Hysterical Literature: Session One - erotic literature and dorothy and woodman

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erotic literature and dorothy and woodman - Hysterical Literature: Session One


Dorothy's companions are the Scarecrow, the Tin Woodman and the Cowardly Lion, as well as Dorothy's dog Toto. Together, they are going on a journey . Dorothy Woodman ( – September ) was a British socialist activist and journalist.. Biography. Woodman was born in Swindon, into a family known for its nonconformist religious beliefs and liberal politics. She was interested in Asia from an early age, and learned Sanskrit from a local poet. She studied at University College, Exeter, where she became a socialist.

The Tin Woodman had asked Dorothy to put the oilcan in her basket. “For,” he said, “if I should get caught in the rain, and rust again, I would need the oilcan badly.” It was a bit of good luck to have their new comrade join the party, for soon after they had begun their journey again they came to a place where the trees and branches. Dorothy was a very sweet lady, but I had high hopes for this class. I heard it was a very inspirational course & was disappointed. I get with it being online it may have been different but it wasn't great. The papers are marked pretty fairly(3 total), & final was an essay. prepare for quite a lot of weekly readings, lengthy videos & group discuss.

There, the Good Witch of the South, Glinda, informs Dorothy that the Tin Woodman, The Scarecrow, and the Lion are all in danger and only she can help. With the help of h Written by Roger S. Baum and illustrated by Elizabeth Miles, Dorothy of Oz is a . Modern fiction / (New York: Columbia University Press, , c), by Dorothy Brewster and John Angus Burrell (page images at HathiTrust) Prose works of Sir Walter Scot, Bart. (Edinburgh, Cadell, ), by Walter Scott (page images at HathiTrust).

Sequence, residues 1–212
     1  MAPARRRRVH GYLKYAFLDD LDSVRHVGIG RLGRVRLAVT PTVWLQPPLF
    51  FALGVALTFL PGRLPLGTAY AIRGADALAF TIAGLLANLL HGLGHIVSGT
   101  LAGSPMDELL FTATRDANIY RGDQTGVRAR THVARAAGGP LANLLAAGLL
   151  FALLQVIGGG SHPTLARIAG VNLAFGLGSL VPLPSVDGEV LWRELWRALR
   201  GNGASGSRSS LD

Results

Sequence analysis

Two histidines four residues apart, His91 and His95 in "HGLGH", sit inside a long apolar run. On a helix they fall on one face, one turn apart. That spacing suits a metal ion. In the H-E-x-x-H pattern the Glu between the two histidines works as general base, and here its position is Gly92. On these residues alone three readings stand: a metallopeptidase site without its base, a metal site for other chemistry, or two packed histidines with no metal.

The Scarecrow and the Tin Woodman ate nothing at all. Toto ate a little of everything, and was glad to get a good supper again. The woman now gave Dorothy a bed to sleep in, and Toto lay down beside her, while the Lion guarded the door of her room so she might not be disturbed. "If we only had the Scarecrow with us again," said the Tin Woodman, when Dorothy had finished telling him everything that had happened, "I should be quite happy." "We must try to find him," said the girl. So she called the Winkies to help her, and they walked all that day and part of the next until they came to the tall tree in the branches of which the Winged Monkeys had tossed .

Dorothy nodded gravely and the Queen made a curtsy, after which she became quite friendly with the little girl. The Scarecrow and the Woodman now began to fasten the mice to the truck, using the strings they had brought. One end of a string was tied around the neck of each mouse and the other end to the truck.